Cardinals GM: Crabtree was insurance, Murray’s sacks about experience

Sep 27, 2019, 9:08 AM | Updated: 11:54 pm
Arizona Cardinals WR Michael Crabtree stretches during the team’s practice Wednesday, Sept. 4, 20...
Arizona Cardinals WR Michael Crabtree stretches during the team’s practice Wednesday, Sept. 4, 2019, in Tempe. (Tyler Drake/Arizona Sports)
(Tyler Drake/Arizona Sports)

The Arizona Cardinals knew they would need to play their rookie wide receivers.

After drafting three of them, a hand injury to fourth-round pick Hakeem Butler right before the regular season led general manager Steve Keim to feel nervous about the depth.

So Keim signed veteran Michael Crabtree, giving the receiver group one more established NFL player alongside Christian Kirk and Larry Fitzgerald.

It was peculiar, however, when Arizona released Crabtree this week after a month on the job.

“I think that there’s obviously a lot of questions the fans and media would have about that, but really it comes down to getting opportunity for those young players, guys like KeeSean (Johnson) and Andy Isabella,” Keim told Doug & Wolf on 98.7 FM Arizona’s Sports Station.

“I think that it really comes down to getting those guys more reps, getting them on the field and growing with them as players.”

Crabtree finished with four catches in two games played and never did what was expected of him: taking snaps away from Damiere Byrd and Johnson, two players who throughout camp earned reps ahead of Isabella and Butler. The veteran only earned 13 snaps in a Week 3 loss to the Carolina Panthers on Sunday.

With Byrd sitting out of practice Wednesday and Thursday, losing Crabtree now points to Isabella, Johnson and potentially second-year pro Trent Sherfield taking on bigger roles.

“Sometimes there are things that you do that you consider for insurance purposes,” Keim said. “From a depth standpoint or a numbers standpoint, you want to be in a position where you’re not caught flat-footed. We took a chance (on Crabtree).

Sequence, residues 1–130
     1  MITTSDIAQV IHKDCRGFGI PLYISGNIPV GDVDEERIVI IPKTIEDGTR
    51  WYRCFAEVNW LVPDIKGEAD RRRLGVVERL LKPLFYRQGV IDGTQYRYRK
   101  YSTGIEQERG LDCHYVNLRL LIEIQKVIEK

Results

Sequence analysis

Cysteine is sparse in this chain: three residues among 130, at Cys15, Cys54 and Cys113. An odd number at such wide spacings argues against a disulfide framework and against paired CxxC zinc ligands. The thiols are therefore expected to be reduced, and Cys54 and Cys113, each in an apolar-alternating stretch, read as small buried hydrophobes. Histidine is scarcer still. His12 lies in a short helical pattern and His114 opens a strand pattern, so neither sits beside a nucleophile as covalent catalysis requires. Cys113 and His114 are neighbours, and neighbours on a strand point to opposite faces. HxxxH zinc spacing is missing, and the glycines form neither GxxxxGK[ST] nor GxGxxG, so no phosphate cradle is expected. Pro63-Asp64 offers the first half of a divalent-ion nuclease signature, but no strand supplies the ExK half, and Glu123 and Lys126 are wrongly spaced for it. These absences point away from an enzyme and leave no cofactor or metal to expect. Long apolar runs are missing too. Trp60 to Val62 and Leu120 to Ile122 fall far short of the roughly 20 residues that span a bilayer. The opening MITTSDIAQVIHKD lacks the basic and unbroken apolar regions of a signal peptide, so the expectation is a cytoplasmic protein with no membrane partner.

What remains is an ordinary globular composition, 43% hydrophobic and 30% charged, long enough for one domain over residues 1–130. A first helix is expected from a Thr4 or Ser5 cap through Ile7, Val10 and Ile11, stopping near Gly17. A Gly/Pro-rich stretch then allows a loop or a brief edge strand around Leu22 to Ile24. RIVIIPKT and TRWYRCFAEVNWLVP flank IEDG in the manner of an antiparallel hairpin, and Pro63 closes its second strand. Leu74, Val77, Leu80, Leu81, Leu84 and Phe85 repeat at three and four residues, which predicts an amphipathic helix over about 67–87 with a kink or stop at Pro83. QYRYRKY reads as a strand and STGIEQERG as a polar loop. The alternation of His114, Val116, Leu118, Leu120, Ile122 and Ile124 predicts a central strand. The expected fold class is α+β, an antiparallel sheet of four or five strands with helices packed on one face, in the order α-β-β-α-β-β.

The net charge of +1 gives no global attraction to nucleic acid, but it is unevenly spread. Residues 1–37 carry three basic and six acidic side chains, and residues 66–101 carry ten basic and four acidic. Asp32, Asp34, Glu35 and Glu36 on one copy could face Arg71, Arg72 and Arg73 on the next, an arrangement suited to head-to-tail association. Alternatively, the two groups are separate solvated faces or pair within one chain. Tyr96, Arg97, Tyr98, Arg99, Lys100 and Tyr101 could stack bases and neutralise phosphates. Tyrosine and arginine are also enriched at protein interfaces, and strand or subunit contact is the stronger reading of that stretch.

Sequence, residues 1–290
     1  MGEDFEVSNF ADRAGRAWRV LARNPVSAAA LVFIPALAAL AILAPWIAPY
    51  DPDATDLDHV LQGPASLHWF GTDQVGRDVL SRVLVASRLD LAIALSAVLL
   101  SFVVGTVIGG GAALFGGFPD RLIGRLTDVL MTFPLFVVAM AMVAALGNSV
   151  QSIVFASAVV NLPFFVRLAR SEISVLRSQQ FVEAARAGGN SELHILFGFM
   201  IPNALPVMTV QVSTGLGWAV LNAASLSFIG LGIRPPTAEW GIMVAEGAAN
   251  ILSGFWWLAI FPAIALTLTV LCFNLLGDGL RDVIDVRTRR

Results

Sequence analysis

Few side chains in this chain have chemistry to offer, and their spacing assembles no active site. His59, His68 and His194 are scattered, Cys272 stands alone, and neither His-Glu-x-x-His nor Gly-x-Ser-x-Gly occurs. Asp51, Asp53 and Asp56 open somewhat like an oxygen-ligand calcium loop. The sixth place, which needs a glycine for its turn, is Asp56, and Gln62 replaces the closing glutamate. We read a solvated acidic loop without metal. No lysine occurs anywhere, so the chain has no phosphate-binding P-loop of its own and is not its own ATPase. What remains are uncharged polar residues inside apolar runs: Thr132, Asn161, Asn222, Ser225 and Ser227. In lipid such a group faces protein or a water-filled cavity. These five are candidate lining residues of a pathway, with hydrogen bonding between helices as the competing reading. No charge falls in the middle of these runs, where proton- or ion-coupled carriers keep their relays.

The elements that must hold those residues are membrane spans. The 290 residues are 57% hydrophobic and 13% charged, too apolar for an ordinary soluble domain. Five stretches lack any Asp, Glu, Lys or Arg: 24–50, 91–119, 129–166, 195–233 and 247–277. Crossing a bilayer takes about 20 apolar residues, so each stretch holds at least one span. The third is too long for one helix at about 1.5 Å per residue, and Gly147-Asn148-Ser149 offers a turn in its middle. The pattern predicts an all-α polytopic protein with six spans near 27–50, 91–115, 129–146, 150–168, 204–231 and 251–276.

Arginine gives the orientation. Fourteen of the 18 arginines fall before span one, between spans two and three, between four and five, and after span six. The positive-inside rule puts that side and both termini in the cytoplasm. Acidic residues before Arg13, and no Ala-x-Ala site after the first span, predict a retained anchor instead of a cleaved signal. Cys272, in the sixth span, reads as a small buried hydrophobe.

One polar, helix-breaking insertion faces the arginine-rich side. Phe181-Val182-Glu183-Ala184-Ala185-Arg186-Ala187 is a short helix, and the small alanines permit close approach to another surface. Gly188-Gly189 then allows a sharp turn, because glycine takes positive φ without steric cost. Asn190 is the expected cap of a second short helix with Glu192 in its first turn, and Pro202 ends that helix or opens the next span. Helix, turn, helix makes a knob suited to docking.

“There is a number of signings that you would say are very good signings and there was good reason we did that, and there are some things you sort of chalk up and say hey, we took a shot, we just want to get the young players ready.”

Murray sacks not a concern

Cardinals rookie quarterback Kyler Murray took eight sacks through his first two games and eight more last Sunday in a 38-20 loss to the Carolina Panthers.

By and large, the total can be blamed on a combination of offensive line play and poor decision-making on Murray’s part.

Head coach Kliff Kingsbury wasn’t overly concerned about the hits Murray took, at least in terms of the quarterback’s health or the offensive line play.

“If you look at it, they haven’t been of the violent variety, if you will,” Kingsbury said Wednesday. “There are some things where he’s going down in the pocket, they’re getting a hand on him here and there. Once again, he’s got to learn, when the party’s over, to get rid of it.

“You appreciate the fact that he wants to make every play and bring us back, but there’s no 21-point touchdown passes. It’s just a learning curve that we’re going through.”

Heading into a Week 4 home game against the Seattle Seahawks, Keim views those sacks as a learning opportunity for the No. 1 pick.

“When you say, ‘Kyler Murray, eight sacks,’ I also say, ‘Kyler Murray, experience, and is growing as a player,'” the GM said.

Remembering good times with Carson

Keim owes a large part of his own success as an executive to former Cardinals quarterback Carson Palmer.

In 2013, the general manager’s first season leading the front office of an NFL team, Keim acquired Palmer in a trade with the Oakland Raiders and paired him with quarterback whisperer Bruce Arians. Together, they put together one of the most successful runs in franchise history.

Arizona will honor Palmer on Sunday at halftime by adding him to its Ring of Honor.

“He is a special person, a special player. It was the perfect storm in a good way when we made that trade for him,” Keim said. “I look up to him in a number of ways, as a person and a dad.

“Looking back on those times and some of the conversions he and I had and the advice that he gave me — I would call Carson when we would either trade or draft players and ask him what he thought because I respected him that much.”

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